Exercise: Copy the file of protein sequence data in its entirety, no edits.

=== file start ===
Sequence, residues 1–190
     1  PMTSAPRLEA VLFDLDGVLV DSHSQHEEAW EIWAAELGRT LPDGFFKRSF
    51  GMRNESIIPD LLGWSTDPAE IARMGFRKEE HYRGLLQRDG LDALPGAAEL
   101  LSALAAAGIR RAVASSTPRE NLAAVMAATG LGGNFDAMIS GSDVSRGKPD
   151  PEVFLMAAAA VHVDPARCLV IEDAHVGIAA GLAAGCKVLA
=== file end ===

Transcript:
Sequence, residues 1–190
     1  PMTSAPRLEA VLFDLDGVLV DSHSQHEEAW EIWAAELGRT LPDGFFKRSF
    51  GMRNESIIPD LLGWSTDPAE IARMGFRKEE HYRGLLQRDG LDALPGAAEL
   101  LSALAAAGIR RAVASSTPRE NLAAVMAATG LGGNFDAMIS GSDVSRGKPD
   151  PEVFLMAAAA VHVDPARCLV IEDAHVGIAA GLAAGCKVLA